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Not over in Dover
The controversy over the Dover (Pennsylvania) Area School Board's resolution reading "Students will be made aware of gaps/problems in Darwin's Theory and of other theories of evolution including, but not limited to, intelligent design" continues to reverberate. On November 30, 2004, the San Francisco Chronicle carried a lengthy front page story entitled "Anti-evolution teachings gain foothold in U.S. schools," focusing on the situation in Dover. NCSE's executive director Eugenie C. Scott was cited as regarding the school board's decision as part of a growing trend: "There is a new energy as a result of the last election, and I anticipate an even busier couple of years coming on," she told the Chronicle. Although proponents of "intelligent design" usually maintain a strategic silence on the identity of the intelligent designer, the story observed, "supporters of the new curriculum in this religiously conservative slice of rural Pennsylvania say they know exactly who the intelligent designer is." (Similarly, an Associated Press story on December 1, 2004, quoted a local as saying that anyone who opposes the introduction of "intelligent design" in the Dover Area schools is "taking a stand against God.") Witold Walczak, legal director of the Pennsylvania branch of the American Civil Liberties Union, told the Chronicle that his organization is deciding whether to sue the school board over the resolution.
A story in the December 3, 2004, York Daily Record presents the local teachers' reaction to the resolution. Bill Miller, a union spokesman for the Dover Area Education Association, said that teachers were confused and frustrated by the lack of guidance as to how they are supposed to implement the resolution. Although the district administration promised eventually to develop guidelines collaboratively with the teachers, Miller said that the union would not do so: "If we have any directional discussions with the administration on how to answer these questions, it implies that we are cooperating on the issue," he told the Daily Record. "If given a direction by the administration, we will not be insubordinate. But they must be the ones to say how we answer the students in this area." Miller also disputed the administration's claim that the teachers were involved in the framing of the resolution -- "We never developed any language that allowed intelligent design into the classroom" -- and noted a seeming inconsistency between the resolution's proviso that "origins of life" will not be taught and the district's characterization of "intelligent design" as "an explanation of the origin of life that differs from Darwin's view." "We are really struggling with all of this," Miller said.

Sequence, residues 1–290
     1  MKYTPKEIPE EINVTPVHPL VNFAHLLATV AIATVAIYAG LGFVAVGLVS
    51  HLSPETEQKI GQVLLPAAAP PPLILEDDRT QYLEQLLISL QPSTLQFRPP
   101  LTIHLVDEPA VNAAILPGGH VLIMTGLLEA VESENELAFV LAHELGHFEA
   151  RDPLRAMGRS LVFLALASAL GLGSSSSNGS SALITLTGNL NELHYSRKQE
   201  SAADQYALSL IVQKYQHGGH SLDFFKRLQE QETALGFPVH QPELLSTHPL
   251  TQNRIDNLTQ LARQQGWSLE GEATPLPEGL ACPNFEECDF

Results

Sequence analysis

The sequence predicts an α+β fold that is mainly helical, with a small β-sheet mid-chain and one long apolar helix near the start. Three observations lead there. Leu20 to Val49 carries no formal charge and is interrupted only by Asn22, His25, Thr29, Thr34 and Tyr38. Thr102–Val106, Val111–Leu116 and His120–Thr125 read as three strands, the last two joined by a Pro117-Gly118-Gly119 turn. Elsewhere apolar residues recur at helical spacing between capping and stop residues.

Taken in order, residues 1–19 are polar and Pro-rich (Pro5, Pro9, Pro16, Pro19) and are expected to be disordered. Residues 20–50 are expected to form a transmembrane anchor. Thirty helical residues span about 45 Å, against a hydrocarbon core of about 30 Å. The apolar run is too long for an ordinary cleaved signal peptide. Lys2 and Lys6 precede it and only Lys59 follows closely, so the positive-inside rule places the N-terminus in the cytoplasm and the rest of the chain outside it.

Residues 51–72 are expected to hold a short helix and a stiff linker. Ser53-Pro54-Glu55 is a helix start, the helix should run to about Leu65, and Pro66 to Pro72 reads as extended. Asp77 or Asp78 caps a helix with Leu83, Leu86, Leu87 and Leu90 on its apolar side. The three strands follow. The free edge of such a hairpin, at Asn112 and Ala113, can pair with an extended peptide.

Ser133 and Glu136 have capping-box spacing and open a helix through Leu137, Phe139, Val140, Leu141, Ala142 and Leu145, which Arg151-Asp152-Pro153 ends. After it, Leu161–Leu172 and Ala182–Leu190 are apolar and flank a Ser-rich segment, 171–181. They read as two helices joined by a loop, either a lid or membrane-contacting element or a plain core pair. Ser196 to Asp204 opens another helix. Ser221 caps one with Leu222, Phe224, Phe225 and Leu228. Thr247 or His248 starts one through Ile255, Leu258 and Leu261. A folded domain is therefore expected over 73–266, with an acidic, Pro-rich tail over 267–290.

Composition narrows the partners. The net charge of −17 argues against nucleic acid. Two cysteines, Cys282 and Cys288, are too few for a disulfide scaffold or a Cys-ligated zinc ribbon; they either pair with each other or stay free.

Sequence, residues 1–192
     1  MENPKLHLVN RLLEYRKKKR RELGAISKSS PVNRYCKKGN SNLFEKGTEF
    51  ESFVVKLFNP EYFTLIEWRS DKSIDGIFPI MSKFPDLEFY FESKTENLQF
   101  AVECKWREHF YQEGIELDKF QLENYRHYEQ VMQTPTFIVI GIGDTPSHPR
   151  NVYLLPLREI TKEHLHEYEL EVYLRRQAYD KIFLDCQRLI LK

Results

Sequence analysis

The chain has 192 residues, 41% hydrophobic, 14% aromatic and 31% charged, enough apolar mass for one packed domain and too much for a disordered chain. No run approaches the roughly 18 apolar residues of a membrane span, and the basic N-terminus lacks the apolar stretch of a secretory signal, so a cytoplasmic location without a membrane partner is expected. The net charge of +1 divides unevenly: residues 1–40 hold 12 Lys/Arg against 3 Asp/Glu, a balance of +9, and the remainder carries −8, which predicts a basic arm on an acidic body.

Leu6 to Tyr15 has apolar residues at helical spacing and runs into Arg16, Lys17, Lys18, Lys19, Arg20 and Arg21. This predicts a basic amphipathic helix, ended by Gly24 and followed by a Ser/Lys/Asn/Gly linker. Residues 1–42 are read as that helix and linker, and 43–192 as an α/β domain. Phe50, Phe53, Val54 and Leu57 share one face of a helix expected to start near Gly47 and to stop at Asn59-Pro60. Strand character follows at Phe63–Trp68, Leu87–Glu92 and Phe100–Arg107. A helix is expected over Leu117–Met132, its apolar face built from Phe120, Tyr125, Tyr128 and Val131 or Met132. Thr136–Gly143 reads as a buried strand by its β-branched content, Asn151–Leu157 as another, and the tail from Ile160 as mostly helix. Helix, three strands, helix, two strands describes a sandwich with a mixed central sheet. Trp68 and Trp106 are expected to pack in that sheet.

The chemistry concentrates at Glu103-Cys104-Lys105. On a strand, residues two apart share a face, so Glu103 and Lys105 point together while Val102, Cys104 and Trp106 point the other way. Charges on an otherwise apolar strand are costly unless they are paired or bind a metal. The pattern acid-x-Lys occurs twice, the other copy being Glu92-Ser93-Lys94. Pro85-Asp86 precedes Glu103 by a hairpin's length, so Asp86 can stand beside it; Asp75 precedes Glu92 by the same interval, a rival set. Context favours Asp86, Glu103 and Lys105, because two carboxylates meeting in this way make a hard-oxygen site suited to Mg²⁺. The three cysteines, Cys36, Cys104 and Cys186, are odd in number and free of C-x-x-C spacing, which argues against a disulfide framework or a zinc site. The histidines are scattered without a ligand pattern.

Story in the York Daily Record [Link is broken]